I’m not quite sure why but I find myself drawn back to two old books that I last used with students at my previous schools to introduce them to roleplaying games. Those books are the Basic and Expert rulebooks from 1981, often referred to by collectors as B/X Dungeons & Dragons.
The past few days have seen me journey back into classic fantasy roleplaying through the lens of both Original Dungeons & Dragons and the more modern solo dungeon adventure game D100 Dungeon. The former taught me the charm and appeal of the three most basic game structures in the roleplaying game scene, namely the Combat, Dungeoncrawl, and Hexcrawl. The latter reminded me that, despite offering an excellent procedural dungeoncrawl experience, the real appeal of roleplaying games is having choice in your actions and depth in the game world.
And so today I began a new quest.
For me, there has been a long-term desire to create and offer to players a secondary fantasy world which is inspired by these classic old games but also goes a little deeper. While there is nothing at all wrong with the procedural dungeoncrawl and hexcrawl – in fact, for me they are foundational to the gaming experience – what I want to add are layers of depth. Not depth in terms of lower levels in the dungeon (although, yes, I love megadungeons) but rather depth in terms of lore.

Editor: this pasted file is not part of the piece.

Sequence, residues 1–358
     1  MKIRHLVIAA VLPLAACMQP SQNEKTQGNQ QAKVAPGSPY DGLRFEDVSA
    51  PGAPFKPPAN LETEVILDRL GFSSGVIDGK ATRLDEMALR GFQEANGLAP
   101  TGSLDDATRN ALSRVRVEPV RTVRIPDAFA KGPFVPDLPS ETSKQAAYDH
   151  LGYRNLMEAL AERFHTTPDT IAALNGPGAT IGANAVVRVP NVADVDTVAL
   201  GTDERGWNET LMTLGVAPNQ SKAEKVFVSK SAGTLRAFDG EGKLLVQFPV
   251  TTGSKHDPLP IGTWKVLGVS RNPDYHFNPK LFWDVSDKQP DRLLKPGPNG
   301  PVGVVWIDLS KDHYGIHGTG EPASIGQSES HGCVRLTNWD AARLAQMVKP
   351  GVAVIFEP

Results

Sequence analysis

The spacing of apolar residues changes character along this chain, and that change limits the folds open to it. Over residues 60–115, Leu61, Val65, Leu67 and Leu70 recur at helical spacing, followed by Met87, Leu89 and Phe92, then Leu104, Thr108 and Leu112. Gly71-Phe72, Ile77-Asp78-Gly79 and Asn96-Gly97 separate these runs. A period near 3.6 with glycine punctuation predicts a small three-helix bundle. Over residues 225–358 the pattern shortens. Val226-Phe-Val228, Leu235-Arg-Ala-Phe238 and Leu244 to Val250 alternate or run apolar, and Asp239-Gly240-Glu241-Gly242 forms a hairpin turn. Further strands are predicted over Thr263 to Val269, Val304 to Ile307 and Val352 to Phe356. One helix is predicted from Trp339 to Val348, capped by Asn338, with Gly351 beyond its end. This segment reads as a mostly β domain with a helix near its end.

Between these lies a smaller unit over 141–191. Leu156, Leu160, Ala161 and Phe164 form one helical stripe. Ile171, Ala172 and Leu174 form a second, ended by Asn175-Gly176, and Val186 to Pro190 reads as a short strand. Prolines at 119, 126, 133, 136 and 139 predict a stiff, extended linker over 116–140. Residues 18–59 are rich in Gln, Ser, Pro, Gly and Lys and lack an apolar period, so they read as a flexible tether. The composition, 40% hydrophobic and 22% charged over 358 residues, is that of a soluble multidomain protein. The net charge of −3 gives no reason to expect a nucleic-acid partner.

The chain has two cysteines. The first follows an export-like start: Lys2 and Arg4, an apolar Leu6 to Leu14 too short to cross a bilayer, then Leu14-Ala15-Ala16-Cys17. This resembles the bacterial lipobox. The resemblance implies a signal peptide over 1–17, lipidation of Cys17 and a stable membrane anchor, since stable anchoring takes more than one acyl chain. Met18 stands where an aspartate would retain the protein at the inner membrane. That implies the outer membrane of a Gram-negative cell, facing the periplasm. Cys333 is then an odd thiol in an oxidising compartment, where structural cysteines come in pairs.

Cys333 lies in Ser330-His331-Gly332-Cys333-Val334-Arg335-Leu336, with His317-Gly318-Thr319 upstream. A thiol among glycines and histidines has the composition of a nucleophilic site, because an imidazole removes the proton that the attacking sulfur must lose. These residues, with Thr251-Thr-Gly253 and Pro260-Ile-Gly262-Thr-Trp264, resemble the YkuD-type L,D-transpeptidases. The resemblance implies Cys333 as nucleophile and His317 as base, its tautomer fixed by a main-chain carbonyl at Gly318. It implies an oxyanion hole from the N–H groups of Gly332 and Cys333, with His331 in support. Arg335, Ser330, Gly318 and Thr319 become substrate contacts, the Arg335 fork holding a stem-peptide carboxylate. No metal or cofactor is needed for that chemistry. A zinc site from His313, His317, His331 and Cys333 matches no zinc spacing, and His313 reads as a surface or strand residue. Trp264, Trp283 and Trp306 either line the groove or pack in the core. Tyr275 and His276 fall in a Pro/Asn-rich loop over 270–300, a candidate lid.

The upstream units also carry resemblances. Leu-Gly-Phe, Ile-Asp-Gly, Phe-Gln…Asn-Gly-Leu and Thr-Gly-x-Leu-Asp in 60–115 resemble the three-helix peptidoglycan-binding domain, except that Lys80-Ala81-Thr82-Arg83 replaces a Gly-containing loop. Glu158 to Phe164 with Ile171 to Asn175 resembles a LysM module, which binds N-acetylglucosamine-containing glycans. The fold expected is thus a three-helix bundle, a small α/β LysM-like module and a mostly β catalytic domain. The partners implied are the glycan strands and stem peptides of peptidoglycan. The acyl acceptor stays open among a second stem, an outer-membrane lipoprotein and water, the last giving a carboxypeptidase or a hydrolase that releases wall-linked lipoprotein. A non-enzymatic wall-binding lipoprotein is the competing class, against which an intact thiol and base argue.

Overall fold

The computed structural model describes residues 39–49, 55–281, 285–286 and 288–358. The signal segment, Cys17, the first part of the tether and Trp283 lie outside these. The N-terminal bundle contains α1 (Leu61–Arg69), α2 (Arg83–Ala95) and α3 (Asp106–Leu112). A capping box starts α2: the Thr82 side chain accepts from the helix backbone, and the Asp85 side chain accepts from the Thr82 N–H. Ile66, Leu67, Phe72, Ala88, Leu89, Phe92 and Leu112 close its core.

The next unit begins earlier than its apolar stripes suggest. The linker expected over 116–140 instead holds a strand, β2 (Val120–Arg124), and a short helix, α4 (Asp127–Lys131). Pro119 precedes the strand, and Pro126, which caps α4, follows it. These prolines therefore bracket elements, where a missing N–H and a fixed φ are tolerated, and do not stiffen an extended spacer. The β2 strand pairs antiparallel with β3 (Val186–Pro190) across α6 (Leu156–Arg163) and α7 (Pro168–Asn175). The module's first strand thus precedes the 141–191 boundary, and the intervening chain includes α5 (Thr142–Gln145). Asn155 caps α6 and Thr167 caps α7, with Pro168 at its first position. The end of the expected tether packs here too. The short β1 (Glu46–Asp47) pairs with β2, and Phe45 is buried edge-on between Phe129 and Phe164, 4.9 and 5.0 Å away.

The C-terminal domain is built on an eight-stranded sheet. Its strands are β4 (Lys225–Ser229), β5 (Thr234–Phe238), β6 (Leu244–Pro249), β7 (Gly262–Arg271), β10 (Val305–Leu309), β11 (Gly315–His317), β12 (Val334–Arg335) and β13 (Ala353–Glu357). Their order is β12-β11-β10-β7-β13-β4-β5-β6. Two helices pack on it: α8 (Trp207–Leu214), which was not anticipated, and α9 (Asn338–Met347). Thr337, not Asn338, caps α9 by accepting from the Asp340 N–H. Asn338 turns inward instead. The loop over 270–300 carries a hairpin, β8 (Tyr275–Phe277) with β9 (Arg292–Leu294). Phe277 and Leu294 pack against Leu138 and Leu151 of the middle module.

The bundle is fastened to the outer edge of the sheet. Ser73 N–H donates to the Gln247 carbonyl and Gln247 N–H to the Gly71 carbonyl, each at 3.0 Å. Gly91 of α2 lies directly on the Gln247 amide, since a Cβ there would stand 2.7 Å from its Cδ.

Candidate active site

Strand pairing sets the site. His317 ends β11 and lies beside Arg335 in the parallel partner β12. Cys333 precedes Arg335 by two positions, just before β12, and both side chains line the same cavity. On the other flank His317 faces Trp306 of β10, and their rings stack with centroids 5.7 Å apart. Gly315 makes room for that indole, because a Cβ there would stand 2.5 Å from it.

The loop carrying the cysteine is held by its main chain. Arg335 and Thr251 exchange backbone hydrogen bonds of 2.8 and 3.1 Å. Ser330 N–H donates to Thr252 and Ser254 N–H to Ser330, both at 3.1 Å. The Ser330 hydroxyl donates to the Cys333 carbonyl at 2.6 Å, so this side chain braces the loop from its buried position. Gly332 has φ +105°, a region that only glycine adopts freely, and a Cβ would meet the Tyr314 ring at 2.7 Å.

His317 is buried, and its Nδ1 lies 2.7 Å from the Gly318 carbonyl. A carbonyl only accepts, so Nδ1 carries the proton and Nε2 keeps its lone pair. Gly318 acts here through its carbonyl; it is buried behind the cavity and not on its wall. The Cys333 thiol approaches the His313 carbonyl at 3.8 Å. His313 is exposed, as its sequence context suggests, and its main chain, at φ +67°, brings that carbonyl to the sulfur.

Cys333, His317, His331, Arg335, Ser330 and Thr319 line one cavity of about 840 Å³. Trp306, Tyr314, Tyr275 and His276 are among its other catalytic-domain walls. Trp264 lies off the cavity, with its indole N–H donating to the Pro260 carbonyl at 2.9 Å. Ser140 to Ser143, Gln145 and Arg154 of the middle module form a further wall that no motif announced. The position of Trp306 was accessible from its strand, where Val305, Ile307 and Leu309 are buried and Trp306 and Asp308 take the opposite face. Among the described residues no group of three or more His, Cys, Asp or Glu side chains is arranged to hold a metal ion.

At the heart of what makes roleplaying exciting to me is the twin promise of choice – you really can choose to do anything you want with your character – and exploration. The vision I have is for a world in which there are many different clues for the player to investigate, myriad places to delve and discover secrets, and where any choice made has consequences – positive or negative.
But why am I drawn back to these two old books? I think for me they represent the simplest and most accessible starting point for learning to create and offer such a game as this.
Whether we like it or not, Dungeons & Dragons was the beginning of all this fantastic adventure, and it still holds the seeds for an enriching experience. While I know there are parts of the game I will not enjoy, I think I owe it to myself to explore it one more time. If only to exhume the bones of the oldest fantasies from my youth, because these old books provided my earliest fantasy adventures.
As I contemplate introducing another group of students at a totally different school to the roleplaying hobby I love, it seems only natural that I begin where many began back around 1981. Two old books, one red and the other blue.
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